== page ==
Spirit of Shugendo

The ninja settlements were located in “”safe houses”” surrounded by deep mountains, where people who had been exiled from the capital for one reason or another gathered. Various pieces of information came and went between them and the ninja. At the beginning of the Warring States period, Japan was divided into many countries, and fierce wars were frequently fought in those countries. In such circumstances, the ninja were employed by warlords in various areas to make use of their skills. This is how the ninja spread throughout Japan. In the history of Japan, ninja were employed by the authorities (warlords and shoguns) at that time.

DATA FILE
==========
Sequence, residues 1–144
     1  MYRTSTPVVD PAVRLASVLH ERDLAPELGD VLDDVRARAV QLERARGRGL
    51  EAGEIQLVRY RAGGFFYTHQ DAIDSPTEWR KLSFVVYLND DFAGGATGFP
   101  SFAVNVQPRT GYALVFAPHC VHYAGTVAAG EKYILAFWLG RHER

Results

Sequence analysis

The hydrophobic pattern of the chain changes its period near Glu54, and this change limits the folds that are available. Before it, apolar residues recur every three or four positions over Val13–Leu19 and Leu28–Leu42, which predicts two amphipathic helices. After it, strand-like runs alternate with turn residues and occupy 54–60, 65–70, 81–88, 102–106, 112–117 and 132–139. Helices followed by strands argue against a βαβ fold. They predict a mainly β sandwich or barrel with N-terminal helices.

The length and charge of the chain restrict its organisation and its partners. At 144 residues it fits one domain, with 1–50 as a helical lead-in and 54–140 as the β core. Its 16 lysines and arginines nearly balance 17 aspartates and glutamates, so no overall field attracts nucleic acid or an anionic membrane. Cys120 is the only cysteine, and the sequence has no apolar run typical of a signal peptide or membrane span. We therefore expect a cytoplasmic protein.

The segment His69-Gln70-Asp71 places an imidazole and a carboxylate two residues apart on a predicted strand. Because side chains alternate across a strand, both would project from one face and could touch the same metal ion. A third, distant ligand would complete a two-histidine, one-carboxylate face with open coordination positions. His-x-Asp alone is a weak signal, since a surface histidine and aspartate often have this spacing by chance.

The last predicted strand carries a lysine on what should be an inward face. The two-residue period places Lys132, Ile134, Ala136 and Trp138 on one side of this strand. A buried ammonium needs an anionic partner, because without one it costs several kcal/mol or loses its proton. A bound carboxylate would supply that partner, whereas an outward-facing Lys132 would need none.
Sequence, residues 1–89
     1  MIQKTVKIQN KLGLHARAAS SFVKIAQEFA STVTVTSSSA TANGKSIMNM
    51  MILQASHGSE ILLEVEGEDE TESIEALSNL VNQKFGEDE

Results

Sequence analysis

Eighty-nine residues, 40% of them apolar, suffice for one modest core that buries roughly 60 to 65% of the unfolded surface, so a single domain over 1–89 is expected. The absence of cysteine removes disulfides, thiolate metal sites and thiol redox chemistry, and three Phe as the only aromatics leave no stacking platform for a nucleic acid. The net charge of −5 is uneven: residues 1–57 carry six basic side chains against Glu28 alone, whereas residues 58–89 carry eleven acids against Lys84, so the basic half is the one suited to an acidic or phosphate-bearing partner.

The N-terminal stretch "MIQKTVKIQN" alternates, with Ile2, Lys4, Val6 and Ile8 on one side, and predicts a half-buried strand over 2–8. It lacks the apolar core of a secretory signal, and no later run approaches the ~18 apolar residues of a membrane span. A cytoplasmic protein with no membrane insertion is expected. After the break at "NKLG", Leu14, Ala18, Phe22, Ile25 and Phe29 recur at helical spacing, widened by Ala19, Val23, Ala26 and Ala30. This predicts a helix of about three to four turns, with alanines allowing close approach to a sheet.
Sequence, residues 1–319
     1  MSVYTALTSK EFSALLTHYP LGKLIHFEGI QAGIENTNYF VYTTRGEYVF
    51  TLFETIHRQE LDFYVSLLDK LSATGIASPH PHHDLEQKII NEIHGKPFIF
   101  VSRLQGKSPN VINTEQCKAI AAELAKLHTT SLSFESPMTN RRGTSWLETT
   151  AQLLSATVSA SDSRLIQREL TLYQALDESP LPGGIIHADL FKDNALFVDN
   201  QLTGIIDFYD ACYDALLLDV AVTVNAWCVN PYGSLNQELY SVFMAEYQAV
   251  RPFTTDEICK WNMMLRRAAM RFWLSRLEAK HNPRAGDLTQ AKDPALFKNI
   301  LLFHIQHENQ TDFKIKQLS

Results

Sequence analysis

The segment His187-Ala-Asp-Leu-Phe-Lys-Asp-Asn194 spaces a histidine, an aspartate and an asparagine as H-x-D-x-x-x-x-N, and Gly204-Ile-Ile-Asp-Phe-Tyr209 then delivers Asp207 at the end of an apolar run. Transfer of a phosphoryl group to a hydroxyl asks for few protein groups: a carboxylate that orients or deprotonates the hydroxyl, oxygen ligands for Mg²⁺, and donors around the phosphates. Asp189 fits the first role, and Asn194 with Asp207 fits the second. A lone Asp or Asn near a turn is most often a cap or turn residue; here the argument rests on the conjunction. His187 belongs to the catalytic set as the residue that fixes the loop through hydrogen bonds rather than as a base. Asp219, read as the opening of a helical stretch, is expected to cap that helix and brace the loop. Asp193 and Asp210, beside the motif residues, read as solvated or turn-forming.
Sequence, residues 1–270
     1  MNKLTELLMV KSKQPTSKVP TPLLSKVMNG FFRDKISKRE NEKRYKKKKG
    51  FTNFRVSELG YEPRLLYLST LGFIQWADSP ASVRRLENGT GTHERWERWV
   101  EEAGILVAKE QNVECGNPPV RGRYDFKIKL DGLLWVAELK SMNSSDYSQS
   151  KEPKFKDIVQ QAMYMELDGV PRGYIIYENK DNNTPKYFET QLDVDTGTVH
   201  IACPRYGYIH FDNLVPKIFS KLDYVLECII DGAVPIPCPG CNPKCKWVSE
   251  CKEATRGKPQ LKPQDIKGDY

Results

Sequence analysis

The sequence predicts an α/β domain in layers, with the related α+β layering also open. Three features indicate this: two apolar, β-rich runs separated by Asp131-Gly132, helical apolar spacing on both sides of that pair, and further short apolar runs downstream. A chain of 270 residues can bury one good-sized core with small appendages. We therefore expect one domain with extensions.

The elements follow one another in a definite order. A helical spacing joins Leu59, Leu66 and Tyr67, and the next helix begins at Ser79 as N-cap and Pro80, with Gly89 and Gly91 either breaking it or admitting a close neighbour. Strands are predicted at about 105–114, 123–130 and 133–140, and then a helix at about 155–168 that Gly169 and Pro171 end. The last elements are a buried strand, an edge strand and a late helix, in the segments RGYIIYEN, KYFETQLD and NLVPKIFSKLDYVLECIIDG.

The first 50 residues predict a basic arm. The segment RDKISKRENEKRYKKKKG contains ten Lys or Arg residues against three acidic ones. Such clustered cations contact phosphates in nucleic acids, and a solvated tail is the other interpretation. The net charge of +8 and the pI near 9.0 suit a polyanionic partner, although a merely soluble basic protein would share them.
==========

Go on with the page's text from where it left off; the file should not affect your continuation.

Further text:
The ninja lived an ordinary life as a farmer or merchant and trained for emergencies. A ninja’s house was no different from an ordinary farmer’s house. However, it is said that they had various hidden techniques to deal with sudden attacks. As a spiritual background, the Japanese have long believed that everything that exists has a god in it. (Even today, certain mountains, rocks and waterfalls are considered religious.) Later, Buddhism was introduced to Japan via China. En no Gyoja is thought to have formed Shugendo, a fusion of traditional Japanese mountain beliefs and Buddhism. Shugendo was gradually perfected by incorporating Esoteric Buddhism, Taoism, and Yin and Yang Buddhism. According to the teachings of Shugendo, strict training in the mountains of Shugendo allows one to absorb the spiritual power of nature and use it to soothe people. Shugendo was incorporated into the art of Ninjutsu. This spirit of Shugendo distinguishes the ninja from the thieves.